In the context of gene editing applications, genotoxicity may be defined as, “the property of an agent able to alter the genetic function within a cell causing unwanted mutations/effects, which may lead to functional impairment (e.g., cancer, therapy impairment, differentiation impairment).”1 Viewed from this perspective, there is an important advantage nickase-based editing systems like Base Editors (BEs) and Prime Editors (PEs) are understood by many to have over Cas9 nuclease-mediated systems. When BEs and PEs make changes to DNA, they are not as likely to trigger double-strand breaks (DSBs). This is important because when the cell’s DNA-repair machinery sets out to fix a DSB, there is a higher risk of genotoxic misrepair events. Despite the prevalent views described, recently published work2 scrutinizing these genetic editing tools reveals they may have a risk profile which is less favorable than previously believed, particularly in the case of BEs.
It turns out BEs especially, may have a tendency to trigger unexpected instances of DNA double-strand breaks, deletions, and translocations. Conversion of a single-strand break to a double-strand break after the transit of a DNA replication fork may be a shared mechanism among all nickase-based systems. Furthermore, the higher fraction of alleles carrying deletions and a stronger propensity to generate translocations observed for BEs likely reflect the involvement of the base excision repair (BER) pathway. These published results challenge claims of lower risk with nickase-based systems.
While PEs exhibit a lower inclination for genotoxic events compared to BEs, both editing systems elicit detrimental transcriptional responses. These responses, triggered by the genetic editing process, have cascading effects on editing efficiency and the ability of hematopoietic stem and progenitor cells (HSPCs) to repopulate. The activation of the p53 pathway, induction of pro-apoptotic transcripts, and alterations in the mutational landscape represent significant obstacles to successfully using BEs and PEs for gene editing.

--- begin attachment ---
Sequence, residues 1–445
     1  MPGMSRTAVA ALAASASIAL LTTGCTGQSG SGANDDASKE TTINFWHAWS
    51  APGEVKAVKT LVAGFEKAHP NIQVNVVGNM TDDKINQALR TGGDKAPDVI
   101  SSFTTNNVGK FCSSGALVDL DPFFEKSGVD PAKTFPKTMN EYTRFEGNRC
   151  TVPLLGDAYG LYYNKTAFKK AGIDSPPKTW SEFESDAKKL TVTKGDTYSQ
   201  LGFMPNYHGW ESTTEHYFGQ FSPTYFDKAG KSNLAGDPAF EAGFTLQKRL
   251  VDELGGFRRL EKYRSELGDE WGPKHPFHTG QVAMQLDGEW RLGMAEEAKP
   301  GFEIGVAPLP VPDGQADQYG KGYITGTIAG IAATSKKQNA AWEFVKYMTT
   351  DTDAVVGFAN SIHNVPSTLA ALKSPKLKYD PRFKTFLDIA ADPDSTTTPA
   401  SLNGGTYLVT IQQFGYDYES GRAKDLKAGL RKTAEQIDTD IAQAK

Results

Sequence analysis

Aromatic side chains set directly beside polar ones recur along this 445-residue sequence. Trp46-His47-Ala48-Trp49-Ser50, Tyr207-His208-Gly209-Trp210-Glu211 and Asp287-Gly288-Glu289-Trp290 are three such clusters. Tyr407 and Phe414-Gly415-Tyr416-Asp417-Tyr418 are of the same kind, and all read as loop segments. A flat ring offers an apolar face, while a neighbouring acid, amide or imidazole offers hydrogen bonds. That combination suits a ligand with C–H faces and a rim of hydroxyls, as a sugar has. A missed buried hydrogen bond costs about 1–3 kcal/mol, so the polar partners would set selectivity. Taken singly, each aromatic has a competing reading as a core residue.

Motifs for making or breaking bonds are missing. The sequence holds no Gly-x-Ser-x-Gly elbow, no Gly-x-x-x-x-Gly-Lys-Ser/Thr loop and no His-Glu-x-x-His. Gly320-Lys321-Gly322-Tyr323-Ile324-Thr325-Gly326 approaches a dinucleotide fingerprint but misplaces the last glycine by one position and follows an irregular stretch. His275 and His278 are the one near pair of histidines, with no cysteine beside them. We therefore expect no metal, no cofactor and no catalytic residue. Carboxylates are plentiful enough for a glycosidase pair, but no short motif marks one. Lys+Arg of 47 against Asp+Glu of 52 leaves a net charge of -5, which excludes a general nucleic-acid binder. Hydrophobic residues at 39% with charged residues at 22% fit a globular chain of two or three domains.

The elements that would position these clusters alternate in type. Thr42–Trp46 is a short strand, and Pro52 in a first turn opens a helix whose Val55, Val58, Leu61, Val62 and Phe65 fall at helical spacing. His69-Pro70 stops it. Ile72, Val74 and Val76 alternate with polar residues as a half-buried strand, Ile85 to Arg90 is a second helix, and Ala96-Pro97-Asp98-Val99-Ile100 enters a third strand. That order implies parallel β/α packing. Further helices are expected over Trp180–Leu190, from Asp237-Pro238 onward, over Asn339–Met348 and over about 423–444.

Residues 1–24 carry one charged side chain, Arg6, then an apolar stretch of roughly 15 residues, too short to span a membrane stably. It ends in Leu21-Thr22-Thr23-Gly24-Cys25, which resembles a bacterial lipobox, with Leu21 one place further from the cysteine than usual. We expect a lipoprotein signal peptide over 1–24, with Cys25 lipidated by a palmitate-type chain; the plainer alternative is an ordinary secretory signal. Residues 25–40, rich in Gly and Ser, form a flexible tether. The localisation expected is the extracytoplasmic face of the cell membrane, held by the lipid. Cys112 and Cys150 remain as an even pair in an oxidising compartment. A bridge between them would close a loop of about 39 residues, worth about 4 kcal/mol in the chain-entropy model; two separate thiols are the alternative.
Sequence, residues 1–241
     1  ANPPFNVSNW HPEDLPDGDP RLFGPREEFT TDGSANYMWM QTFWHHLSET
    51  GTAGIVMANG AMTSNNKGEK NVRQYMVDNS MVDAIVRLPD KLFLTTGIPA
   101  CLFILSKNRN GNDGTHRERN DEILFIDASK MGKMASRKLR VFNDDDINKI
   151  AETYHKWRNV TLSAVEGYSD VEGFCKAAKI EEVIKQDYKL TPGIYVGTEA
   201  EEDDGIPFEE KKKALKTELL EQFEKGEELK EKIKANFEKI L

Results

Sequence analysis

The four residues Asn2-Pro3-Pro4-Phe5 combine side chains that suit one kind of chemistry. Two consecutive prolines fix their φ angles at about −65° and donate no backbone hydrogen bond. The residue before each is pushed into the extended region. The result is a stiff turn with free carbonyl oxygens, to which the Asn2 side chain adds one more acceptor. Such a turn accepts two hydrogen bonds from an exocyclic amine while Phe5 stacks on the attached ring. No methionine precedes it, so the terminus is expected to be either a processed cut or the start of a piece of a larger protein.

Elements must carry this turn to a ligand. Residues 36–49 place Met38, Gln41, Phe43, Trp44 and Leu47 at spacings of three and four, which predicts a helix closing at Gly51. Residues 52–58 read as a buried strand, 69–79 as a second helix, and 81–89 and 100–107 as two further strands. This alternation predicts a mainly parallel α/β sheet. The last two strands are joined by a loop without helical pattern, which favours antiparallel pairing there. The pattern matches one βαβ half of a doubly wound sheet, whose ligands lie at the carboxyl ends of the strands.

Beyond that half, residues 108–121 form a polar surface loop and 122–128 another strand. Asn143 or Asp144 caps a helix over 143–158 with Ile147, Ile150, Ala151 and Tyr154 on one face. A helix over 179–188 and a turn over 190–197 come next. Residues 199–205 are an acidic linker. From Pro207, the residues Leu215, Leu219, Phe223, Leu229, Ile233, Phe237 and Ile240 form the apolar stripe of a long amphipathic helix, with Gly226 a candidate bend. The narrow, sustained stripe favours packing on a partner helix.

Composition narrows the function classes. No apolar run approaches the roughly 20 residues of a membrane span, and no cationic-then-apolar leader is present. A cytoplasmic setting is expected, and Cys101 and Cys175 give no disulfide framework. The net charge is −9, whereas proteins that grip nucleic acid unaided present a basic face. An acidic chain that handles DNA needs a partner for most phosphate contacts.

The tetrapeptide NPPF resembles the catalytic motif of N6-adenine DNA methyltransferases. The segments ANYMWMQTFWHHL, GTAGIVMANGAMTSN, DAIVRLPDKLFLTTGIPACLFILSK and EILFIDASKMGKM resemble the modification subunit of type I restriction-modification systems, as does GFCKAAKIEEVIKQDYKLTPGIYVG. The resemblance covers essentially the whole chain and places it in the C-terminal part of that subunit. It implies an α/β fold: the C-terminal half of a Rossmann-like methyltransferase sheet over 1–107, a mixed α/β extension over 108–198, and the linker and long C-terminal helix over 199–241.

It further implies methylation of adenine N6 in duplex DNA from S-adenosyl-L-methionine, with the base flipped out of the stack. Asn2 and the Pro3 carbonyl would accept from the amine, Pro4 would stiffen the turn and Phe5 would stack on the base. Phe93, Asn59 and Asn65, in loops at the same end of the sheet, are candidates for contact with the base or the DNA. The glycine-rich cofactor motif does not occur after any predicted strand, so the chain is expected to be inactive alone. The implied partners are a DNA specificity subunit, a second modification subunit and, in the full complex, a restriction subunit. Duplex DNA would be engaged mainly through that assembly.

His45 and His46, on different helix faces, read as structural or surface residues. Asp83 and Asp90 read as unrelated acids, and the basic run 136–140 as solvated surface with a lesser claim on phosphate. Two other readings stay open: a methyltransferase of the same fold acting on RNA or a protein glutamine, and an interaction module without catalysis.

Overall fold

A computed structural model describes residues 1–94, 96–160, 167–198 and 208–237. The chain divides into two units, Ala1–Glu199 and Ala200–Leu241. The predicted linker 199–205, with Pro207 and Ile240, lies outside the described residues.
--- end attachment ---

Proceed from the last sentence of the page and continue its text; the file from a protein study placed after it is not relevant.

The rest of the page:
The unexpected genotoxic effects highlighted in the study prompt a re-evaluation of an assumption of safety, most of all with respect to BEs. The findings also underscore the importance of continuous engineering, optimization of RNA design to mitigate interferon responses, and a comprehensive assessment of the risk-benefit ratio.
While BEs and PEs represent powerful tools for genetic engineering, the newfound concerns regarding unintended DNA changes and genotoxic effects warrant caution and further study. The mechanisms underlying genotoxic impacts, as well as the frequency and extent of those impacts under different conditions must be understood. By alerting the scientific community of possible overlooked risks, the published work may cause those employing these tools to devise strategies to minimize the unintended effects described, and to control for them in experiments. This will be to the benefit of all, as their important work is aided by these new insights.
- Blattner, G., Cavazza, A., Thrasher, A. J., & Turchiano, G. (2020). Gene Editing and Genotoxicity: Targeting the Off-Targets. Frontiers in genome editing, 2, 613252. https://doi.org/10.3389/fgeed.2020.613252
- Fiumara, M., Ferrari, S., Omer-Javed, A., Beretta, S., Albano, L., Canarutto, D., … & Naldini, L. (2023). Genotoxic effects of base and prime editing in human hematopoietic stem cells. Nature biotechnology, 1-15.